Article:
Mari Nicholson guides visitors round Dover Castle and its surrounding attractions
History really comes alive as you walk through the tunnels in the white cliffs of Dover, passing through those used as hospitals and standing on the platform from which Churchill watched the ships set out for the evacuation of Dunkirk. It's even better if you've organised a 1940s-style meal in the tunnels the night before (eating from mess tins) and listening to the band play songs of the Second World War.
The White Cliffs Experience covers English history from a 3,500-year-old Bronze Age boat in Dover Museum, to Walmer Castle, where Wellington's boots are on display, and Deal Castle right on the seafront facing France. There is also a walk on the battlements of Dover Castle and another through Sandwich, where visitors are accosted by actors dressed in historic clothes as witch-hunters, wife beaters, smugglers, and the Herring Counter (40,000 herrings had to be paid by fishermen to Henry II).
Dover Castle, for centuries England's first defence against invaders, is guaranteed to engage students at all levels. Sue Grantham, a teacher from Chipping Norton School, who has been visiting the area for seven years with key stage 3 pupils, spoke of her pupils' enthusiasm for the medieval tunnels and especially praised the Siege Trail, an atmospheric presentation of the siege by the French in 1216 which uses the latest light, film and sound technology. The smell of smoke from burning timbers and the desperate cries of men in combat, go down well with the pupils.
There are more modern tunnels in the castle too, and they offer an insight into the realities of life in wartime Britain. In 1939, the old Georgian barrack tunnels under the cliffs, were adapted for war command with operations rooms, a hospital and space for up to 10,500 troops. In 1940, Vice-Admiral Sir Bertram Ramsey and Sir Winston Churchill stood in the war ops room and masterminded the evacuation of 338,000 troops from Dunkirk. These rooms with original switchboards and telephones, charts and maps, are part of the popular Secret Tunnel tour. The special effects throughout the tour leave little to the imagination: dim lights, the drone of bombers, ghostly footsteps and whispering voices down the corridors, the clang of ambulance bells, and in the hospital bloodied bandages and the groans of wounded men.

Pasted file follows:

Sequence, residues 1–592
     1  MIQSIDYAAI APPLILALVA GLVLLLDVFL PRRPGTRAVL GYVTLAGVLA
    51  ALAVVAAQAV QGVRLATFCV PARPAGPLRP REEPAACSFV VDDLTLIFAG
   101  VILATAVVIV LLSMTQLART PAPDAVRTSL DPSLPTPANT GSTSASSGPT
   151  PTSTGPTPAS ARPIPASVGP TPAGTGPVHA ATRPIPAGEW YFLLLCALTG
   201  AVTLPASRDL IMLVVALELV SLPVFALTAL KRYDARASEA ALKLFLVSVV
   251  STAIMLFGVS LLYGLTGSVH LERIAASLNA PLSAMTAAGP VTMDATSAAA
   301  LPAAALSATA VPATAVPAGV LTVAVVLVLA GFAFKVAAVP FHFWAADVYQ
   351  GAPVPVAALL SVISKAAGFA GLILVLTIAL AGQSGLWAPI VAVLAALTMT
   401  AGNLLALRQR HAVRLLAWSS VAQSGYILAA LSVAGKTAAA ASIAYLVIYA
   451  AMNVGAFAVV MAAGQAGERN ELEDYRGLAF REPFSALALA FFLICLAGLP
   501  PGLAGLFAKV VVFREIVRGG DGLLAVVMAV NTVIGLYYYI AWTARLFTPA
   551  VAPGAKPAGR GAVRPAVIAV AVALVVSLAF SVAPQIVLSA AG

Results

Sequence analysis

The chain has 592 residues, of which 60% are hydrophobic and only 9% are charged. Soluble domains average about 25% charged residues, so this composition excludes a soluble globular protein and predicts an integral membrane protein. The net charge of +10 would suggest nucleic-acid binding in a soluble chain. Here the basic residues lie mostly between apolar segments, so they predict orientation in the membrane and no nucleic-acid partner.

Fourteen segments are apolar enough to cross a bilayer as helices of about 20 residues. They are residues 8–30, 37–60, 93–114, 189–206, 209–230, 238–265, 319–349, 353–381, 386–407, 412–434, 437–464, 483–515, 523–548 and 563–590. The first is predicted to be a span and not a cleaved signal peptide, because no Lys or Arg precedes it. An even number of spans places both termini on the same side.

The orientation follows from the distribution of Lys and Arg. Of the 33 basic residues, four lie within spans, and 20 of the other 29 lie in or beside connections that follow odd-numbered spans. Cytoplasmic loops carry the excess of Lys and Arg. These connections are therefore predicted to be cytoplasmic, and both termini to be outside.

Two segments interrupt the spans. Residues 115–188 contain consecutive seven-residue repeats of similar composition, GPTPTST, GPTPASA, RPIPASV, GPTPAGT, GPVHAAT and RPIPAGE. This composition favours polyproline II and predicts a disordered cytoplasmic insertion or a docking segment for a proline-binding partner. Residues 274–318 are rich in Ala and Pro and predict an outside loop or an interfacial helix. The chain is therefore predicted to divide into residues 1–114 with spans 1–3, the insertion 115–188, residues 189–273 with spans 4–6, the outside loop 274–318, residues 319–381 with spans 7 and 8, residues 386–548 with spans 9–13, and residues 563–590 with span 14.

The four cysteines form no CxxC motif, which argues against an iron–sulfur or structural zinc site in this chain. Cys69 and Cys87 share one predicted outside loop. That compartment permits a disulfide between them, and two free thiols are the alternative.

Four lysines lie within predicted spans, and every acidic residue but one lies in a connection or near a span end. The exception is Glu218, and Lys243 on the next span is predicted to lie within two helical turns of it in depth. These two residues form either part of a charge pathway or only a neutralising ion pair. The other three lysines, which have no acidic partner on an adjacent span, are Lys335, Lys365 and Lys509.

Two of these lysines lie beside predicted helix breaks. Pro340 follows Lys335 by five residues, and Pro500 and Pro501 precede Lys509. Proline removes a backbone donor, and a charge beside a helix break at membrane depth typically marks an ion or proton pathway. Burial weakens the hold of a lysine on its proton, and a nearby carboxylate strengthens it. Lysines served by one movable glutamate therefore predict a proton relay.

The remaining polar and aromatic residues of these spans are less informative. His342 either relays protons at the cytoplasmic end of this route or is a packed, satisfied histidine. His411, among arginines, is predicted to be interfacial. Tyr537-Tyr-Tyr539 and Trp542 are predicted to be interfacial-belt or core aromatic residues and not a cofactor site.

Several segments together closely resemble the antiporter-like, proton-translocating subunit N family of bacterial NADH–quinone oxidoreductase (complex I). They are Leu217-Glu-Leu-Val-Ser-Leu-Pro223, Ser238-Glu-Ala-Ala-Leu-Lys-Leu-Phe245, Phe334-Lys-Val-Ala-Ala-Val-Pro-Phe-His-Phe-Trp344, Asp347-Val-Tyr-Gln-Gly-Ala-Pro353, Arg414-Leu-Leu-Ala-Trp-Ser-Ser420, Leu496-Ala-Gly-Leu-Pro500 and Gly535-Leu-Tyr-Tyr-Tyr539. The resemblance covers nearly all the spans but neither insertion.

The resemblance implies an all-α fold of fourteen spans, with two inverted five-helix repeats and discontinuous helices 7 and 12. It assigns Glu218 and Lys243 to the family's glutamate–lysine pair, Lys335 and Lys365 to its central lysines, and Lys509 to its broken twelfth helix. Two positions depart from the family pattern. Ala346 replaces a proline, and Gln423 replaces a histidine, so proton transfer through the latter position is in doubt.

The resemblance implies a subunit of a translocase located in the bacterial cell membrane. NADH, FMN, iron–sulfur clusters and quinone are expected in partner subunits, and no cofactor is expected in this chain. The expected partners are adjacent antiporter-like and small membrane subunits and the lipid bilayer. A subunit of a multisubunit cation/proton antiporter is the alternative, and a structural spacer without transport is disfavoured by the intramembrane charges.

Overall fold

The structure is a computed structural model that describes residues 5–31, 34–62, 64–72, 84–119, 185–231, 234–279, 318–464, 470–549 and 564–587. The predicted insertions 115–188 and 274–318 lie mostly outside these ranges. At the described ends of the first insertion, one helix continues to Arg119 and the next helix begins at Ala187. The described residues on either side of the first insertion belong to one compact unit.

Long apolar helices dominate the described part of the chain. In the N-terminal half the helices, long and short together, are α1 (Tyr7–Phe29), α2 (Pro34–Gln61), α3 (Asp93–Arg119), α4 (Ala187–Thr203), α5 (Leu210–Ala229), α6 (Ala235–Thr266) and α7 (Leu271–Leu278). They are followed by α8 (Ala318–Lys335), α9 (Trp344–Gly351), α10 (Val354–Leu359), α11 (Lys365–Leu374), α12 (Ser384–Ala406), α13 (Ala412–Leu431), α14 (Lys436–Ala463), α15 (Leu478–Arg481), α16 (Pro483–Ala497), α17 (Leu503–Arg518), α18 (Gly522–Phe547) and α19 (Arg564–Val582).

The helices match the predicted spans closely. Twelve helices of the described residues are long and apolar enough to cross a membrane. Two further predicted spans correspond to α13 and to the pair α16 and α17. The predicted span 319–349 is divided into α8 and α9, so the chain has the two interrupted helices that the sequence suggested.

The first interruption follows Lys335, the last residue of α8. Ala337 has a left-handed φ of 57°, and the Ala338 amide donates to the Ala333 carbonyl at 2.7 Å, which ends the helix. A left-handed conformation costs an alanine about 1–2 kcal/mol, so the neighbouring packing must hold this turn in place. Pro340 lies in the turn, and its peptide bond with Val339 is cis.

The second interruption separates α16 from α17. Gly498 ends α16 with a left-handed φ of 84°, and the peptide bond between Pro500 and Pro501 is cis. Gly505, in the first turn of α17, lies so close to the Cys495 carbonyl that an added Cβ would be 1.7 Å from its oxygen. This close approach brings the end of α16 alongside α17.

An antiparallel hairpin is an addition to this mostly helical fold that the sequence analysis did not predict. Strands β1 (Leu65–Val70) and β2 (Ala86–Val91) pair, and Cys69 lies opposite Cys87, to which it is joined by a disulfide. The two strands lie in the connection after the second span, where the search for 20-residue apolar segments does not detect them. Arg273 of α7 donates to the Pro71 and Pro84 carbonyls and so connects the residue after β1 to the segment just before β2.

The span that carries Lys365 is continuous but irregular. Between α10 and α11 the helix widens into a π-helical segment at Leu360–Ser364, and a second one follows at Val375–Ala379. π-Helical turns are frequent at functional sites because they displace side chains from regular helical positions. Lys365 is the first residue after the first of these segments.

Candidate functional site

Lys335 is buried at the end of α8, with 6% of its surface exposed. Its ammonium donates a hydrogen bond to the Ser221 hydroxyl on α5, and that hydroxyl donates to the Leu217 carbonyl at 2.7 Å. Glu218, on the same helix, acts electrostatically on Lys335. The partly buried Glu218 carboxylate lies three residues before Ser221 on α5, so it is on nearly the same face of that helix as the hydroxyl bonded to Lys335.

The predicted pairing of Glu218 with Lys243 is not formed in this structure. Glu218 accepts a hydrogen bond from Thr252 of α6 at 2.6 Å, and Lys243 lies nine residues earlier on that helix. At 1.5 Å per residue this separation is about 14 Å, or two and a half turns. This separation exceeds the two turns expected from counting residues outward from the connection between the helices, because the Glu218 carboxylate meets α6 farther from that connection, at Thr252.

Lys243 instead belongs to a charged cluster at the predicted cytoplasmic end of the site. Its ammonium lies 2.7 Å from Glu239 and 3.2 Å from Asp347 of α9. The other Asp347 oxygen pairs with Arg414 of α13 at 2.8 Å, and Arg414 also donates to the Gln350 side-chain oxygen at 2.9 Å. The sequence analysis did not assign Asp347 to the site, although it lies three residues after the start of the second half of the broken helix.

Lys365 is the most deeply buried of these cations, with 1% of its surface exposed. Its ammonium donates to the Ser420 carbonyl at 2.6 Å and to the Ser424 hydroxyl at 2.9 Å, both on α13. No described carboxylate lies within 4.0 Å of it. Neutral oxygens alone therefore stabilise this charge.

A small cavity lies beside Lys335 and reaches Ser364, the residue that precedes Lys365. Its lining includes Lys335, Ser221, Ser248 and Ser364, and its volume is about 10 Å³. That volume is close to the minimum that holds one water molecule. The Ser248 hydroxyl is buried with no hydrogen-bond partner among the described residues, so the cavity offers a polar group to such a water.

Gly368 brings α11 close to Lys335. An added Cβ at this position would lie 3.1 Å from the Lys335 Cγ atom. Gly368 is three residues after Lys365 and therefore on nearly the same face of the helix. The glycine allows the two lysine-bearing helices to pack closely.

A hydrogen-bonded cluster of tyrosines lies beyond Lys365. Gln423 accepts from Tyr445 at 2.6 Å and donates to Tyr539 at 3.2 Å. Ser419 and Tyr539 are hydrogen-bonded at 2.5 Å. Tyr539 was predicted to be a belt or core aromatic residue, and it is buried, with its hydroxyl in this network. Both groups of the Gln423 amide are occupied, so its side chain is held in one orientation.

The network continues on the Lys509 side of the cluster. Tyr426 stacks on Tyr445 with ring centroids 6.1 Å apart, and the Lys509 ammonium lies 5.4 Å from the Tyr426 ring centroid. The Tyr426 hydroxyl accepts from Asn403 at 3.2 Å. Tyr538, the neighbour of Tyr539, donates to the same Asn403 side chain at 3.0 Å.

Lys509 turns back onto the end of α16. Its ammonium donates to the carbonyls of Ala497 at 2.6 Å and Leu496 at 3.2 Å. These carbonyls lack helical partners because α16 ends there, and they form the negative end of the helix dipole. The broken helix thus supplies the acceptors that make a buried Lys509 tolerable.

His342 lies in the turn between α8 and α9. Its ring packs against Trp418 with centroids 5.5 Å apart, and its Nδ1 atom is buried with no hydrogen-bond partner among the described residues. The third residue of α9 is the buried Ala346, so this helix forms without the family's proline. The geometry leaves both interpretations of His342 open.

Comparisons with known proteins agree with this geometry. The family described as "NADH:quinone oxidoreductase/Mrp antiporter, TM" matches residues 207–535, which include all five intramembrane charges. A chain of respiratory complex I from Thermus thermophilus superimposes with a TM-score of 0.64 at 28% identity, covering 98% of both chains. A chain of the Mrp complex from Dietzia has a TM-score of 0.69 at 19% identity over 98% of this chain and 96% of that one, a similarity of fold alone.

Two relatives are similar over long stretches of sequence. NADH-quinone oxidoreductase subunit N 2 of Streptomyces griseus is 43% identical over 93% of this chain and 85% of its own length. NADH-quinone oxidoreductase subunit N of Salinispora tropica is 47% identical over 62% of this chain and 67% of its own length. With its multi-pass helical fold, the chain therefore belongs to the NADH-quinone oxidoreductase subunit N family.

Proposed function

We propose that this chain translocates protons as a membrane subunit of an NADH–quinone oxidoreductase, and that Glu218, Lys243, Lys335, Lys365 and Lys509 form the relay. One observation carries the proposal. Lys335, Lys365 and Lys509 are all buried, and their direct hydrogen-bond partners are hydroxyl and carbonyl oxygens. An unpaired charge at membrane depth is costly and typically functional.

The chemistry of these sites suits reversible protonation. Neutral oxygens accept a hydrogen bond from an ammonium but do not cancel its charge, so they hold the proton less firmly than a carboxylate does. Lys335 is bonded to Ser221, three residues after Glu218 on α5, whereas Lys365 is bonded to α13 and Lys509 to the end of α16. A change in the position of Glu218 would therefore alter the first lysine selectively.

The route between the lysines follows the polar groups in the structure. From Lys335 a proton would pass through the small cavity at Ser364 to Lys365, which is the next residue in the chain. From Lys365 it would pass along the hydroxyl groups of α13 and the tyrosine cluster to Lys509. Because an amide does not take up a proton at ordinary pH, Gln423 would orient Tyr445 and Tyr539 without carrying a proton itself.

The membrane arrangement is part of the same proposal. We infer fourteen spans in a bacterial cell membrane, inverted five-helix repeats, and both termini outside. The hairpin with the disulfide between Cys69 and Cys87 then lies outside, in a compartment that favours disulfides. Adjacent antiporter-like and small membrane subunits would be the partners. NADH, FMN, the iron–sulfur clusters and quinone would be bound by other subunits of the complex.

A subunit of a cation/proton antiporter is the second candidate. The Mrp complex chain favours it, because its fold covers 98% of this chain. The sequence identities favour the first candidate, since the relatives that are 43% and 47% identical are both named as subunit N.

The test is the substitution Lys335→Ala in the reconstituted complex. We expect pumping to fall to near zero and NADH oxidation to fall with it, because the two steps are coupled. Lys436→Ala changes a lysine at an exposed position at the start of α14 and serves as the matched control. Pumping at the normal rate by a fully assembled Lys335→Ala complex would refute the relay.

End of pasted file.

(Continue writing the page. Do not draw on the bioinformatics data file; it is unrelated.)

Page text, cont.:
There's more to Dover Castle than tunnels, however. Walk the battlements which give stunning views over the castle's defences and surrounding areas, check out the state apartments and the chapel of Thomas ... Becket.
Built in 1540 as part of Henry VIII's chain of coastal defences, nearby Walmer Castle is today more stately home than castle, but it has some intriguing artefacts on display. They include the original Wellington boots, made in 1816 for the duke, one time resident of the castle. And see his false teeth (walrus ivory set in gold on a wooden frame) and hear the story of how his hearse overturned at his funeral.
Alternatively, take a bite of Sandwich and learn how the first fast food item came about. Join the Trail of Blood and the Ghost Walk in a stroll through twisting alleys. It's all part of the White Cliffs Experience.
Dover Museum pound;1. 75 adults, 95p child. Tel: 01304-201066, www.dover.gov.ukmuseum
Walmer Castle pound;5 adults, concessions pound;3.80, 15 per cent group discount. Tel: 01304 364388, Sandwich Performances on Friday, or book in advance. Tel: 01304 369576
pound;7.50 adults, concessions pound;5.60, 15 per cent group discount. Nearest station Dover Priory, connecting buses from station Stagecoach 901. Tel: 01304 201628